2. Enhanced Charge Transport in Tantalum Nitride Nanotube Photoanodes for Solar Water Splitting (pages 2615–2620)

      Dr. Lei Wang, Nhat Truong Nguyen, Xuemei Zhou, Imgon Hwang, Dr. Manuela S. Killian and Prof. Dr. Patrik Schmuki

      Article first published online: 17 JUL 2015 | DOI: 10.1002/cssc.201500632

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      Catching a Ta3N5: Layers of Ta3N5 nanotubes grown by a two-step anodization process show not only improved order and enhanced overall light absorption in the nanotube layers, but also provide a significantly reduced interface charge resistance at the nitride/metal interface due to subnitride (TaNx) formation. Such nanotube anodes afford a 15-fold increase of the photocurrent compared with conventional nanotubular tantalum nitride electrodes under simulated sunlight conditions.

    3. Highly Reversible Lithium-ions Storage of Molybdenum Dioxide Nanoplates for High Power Lithium-ion Batteries (pages 2621–2624)

      Dr. Xiaolin Liu, Prof. Jun Yang, Prof. Wenhua Hou, Prof. Jiulin Wang and Yanna Nuli

      Article first published online: 16 JUL 2015 | DOI: 10.1002/cssc.201500574

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      Know the limits: MoO2 nanoplates are facilely synthesized through a hydrothermal process. In electrochemical tests of MoO2 as anode in lithium-ion batteries, the potential window is set between 1.0 and 2.5 V to avoid its conversion reaction, which would result in large volume expansion and structural disintegration. As a result, the MoO2 nanoplates exhibit an extremely high cycle stability and capacity compared with that of Li4Ti5O12.

    4. Selective Deposition of Insulating Metal Oxide in Perovskite Solar Cells with Enhanced Device Performance (pages 2625–2629)

      Dr. Youfeng Yue, Dr. Xudong Yang, Dr. Yongzhen Wu, Dr. Noviana Tjitra Salim, Dr. Ashraful Islam, Dr. Takeshi Noda and Prof. Dr. Liyuan Han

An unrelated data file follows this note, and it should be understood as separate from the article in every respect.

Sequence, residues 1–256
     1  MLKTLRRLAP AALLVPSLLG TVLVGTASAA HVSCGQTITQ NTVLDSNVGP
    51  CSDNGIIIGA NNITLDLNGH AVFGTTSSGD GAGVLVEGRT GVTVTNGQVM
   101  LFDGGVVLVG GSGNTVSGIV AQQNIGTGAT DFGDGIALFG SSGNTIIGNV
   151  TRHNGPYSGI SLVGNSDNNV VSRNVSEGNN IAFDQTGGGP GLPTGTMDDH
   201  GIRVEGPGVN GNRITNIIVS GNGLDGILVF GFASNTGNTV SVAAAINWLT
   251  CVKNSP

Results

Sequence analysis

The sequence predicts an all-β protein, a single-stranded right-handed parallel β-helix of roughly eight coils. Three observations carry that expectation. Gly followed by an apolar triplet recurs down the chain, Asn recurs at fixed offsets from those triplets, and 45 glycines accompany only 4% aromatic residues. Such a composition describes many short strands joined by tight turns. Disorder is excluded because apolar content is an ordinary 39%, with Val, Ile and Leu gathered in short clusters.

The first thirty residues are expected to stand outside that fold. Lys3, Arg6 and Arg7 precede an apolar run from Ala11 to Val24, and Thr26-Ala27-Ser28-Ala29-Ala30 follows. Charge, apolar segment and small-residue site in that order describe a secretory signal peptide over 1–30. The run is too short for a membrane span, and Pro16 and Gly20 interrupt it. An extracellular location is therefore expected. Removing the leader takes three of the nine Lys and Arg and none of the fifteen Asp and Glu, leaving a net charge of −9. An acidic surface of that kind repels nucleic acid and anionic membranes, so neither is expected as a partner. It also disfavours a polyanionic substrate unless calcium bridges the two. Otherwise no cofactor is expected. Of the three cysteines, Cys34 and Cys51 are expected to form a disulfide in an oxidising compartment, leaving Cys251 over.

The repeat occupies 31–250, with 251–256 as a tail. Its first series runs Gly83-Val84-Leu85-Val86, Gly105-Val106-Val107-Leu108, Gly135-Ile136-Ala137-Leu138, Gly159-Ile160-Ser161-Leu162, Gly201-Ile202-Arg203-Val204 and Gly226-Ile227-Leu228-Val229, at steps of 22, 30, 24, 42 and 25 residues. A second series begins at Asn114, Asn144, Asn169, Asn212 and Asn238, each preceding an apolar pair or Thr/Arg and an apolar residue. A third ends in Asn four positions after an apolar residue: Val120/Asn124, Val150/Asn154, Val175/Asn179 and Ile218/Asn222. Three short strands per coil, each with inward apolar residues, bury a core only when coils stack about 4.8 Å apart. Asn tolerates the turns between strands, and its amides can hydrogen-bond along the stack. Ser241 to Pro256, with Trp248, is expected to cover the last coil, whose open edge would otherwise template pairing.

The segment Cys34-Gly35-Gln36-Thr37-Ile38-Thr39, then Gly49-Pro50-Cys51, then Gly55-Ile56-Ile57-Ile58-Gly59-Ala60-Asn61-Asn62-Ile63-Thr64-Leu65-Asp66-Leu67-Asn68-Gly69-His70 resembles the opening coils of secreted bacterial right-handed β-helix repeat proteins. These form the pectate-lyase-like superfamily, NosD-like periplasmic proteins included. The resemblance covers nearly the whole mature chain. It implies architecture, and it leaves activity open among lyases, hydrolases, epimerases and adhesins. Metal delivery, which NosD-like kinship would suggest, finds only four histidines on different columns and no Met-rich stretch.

Article first published online: 21 JUL 2015 | DOI: 10.1002/cssc.201500518

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      Isolating and conducting: A quasi-top-open insulating metal oxide overlayer is deposited on a nanoparticulate TiO2 (np-TiO2) layer for perovskite solar cells. This insulating hole-blocking layer mainly covers the bottom part of the mesoporous layer with less coverage at the top to keep sufficient electron conduction within the perovskite film. It effectively prevents charge recombination, giving rise to an open-circuit voltage that is higher for a cell without this layer.

    5. A Bioinspired Molecular Polyoxometalate Catalyst with Two Cobalt(II) Oxide Cores for Photocatalytic Water Oxidation (pages 2630–2634)

      Jie Wei, Yingying Feng, Panpan Zhou, Yan Liu, Jingyin Xu, Rui Xiang, Prof. Dr. Yong Ding, Chongchao Zhao, Linyuan Fan and Changwen Hu

      Article first published online: 30 JUN 2015 | DOI: 10.1002/cssc.201500490

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      Encore: The study of an all-inorganic, oxidatively and hydrolytically stable polyoxometalate embedding two CoII4O3 cores as water oxidation catalyst provides a convincing example of a new structural model to catalyze water oxidation based on the design concept of the oxygen evolving complex (OEC) in photosystem II (PS II). The turnover number of the cobalt(II)-based cubane catalyst can reach as high as 1436, which is currently the highest among bioinspired catalysts with cubical core.

  9. Full Papers

    1. Top of page
    2. Cover Pictures
    3. Cover Profile